(7) q1,m(m)=[yn(L2,m),yn(L2-1,m),,yn(1,m)]
(8) q2,m(m)=[yn(L2+1,m),yn(L2+2,m),,yn(L,m)]

After performing the operations of y1,n(m) and y2,n(m) using q1,n and q2,n, an (L × 1)-dimensional vector yn can be expressed as follows:

(9) y1,n(m)=(q1,n(m)+q2,n(m))/2,
(10) y2,n(m)=(q1,n(m)-q2,n(m))/2j,
(11) yn(m)=[y1,n(m),y2,n(m)]T=A·S·b+w,

where

(12) S=diag[α1ej2πfcτ1,,αkej2πfcτk],,αKej2πfcτK,
(13) αk=αke(L-1)πdλsin θk

and b=[bm,n(R1),⋯,bm,n(RK)]T. w represents an (L×1)-dimensional AWGN vector because the addition and subtraction between AWGN is still AWGN. The (l, k)-th element in matrix A, A(l, k), is determined as follows:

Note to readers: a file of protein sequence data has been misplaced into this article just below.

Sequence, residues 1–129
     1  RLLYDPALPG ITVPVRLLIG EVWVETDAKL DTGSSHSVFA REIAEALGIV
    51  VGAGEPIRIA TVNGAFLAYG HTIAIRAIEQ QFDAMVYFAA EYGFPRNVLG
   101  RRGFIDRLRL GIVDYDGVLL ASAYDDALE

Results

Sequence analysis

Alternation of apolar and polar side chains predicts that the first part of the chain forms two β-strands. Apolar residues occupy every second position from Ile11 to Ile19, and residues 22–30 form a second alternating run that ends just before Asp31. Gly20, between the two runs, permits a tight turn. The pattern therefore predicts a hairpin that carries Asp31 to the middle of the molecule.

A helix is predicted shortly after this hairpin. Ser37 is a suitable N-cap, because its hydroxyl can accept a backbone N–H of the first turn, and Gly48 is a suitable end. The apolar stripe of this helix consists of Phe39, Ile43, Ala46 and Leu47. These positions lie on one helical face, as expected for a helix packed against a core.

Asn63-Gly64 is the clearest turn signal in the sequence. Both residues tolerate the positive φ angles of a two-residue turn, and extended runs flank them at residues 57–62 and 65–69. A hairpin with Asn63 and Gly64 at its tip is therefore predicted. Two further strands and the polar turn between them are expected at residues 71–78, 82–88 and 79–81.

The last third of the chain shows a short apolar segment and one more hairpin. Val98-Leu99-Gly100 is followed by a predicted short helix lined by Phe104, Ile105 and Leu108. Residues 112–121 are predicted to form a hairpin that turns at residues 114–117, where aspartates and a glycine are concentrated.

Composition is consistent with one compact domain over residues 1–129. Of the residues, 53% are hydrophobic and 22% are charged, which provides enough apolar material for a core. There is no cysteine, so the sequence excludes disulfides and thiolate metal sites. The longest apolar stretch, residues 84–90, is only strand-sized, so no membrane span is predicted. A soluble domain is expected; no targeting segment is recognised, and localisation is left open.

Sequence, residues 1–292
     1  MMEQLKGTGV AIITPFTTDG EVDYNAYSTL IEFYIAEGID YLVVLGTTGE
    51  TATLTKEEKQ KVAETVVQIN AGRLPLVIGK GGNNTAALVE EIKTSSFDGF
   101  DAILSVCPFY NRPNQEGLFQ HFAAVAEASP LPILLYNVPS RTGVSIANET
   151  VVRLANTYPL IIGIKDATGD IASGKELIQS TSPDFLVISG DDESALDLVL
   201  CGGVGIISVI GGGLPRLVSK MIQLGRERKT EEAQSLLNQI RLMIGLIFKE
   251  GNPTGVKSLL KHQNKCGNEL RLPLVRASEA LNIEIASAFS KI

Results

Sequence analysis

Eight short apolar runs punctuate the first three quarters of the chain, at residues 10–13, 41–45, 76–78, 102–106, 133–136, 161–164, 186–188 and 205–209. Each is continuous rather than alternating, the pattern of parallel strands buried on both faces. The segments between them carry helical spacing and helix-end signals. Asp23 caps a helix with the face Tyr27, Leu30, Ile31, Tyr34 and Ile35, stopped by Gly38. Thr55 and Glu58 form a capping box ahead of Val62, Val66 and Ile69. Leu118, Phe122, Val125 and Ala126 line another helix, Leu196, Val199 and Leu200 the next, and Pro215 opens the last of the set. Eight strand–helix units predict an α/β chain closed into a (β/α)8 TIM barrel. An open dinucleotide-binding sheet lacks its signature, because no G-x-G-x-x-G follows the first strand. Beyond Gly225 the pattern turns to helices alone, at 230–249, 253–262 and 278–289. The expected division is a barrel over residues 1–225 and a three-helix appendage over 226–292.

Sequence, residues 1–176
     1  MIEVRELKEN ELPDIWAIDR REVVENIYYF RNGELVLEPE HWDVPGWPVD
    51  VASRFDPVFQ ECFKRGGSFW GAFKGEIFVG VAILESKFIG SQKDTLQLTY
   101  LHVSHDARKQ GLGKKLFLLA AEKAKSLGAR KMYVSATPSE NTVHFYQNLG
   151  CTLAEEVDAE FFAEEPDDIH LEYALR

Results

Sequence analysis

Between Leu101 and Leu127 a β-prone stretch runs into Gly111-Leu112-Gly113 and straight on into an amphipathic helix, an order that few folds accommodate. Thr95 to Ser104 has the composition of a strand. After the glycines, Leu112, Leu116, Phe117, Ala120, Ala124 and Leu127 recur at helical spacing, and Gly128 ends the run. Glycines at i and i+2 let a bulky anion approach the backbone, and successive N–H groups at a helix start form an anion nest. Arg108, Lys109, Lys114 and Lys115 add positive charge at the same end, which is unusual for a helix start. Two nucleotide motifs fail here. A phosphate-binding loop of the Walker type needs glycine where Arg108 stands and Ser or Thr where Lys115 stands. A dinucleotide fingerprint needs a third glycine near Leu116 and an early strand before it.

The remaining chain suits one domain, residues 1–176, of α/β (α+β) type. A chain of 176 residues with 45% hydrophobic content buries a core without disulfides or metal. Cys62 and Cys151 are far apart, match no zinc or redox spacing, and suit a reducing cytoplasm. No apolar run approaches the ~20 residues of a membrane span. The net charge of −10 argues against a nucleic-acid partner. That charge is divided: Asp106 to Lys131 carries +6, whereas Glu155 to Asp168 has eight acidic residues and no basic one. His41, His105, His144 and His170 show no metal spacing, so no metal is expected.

(14) A(l,k)={cos(π(dλ)(2l-1)sin θk),when 0<lL2cos(π(dλ)(2l-1-L)sin θk),when L2<lL

The next step is to form the (L×M/2)-dimensional matrices Y1,n and Y2,n as follows:

(15) Y1,n=[yn(M2),yn(M2-1),,yn(1)]
(16) Y2,n=[yn(M2+1),yn(M2+2),,yn(M)]

Assuming Z1,n = (Y2,n+Y1,n)/2 and Z2,n = (Y2,nY1,n)/2j, the (L × M)-dimensional matrix Zn is determined as follows:

(17) Zn=[Z1,n,Z2,n]=A·Sn·B+Wn,

where

(18) Sn=diag[α1sn,1,,αksn,k,,αKsn,K],
(19) sn,k=ej2π(fcτk+BT(Rkc)(M+2n-3)fs)

Wn is also an AWGN matrix. The (k,m)-th element of the matrix B, B(k, m) is determined as follows:

(20) B(k,m)={cos((2m-1)2πBcTfsRk),when 0<mM2sin((2m-1-M)2πBcTfsRk),when M2<mM

Consequently, yn(l,m) in (2) can be transformed into a signal with a real-valued steering vector by using the proposed pre-processing technique and can be expressed as follows:

(21) Zn(l,m)=k=1Ksn,kbm(Rk)al(θk)+w(l,m),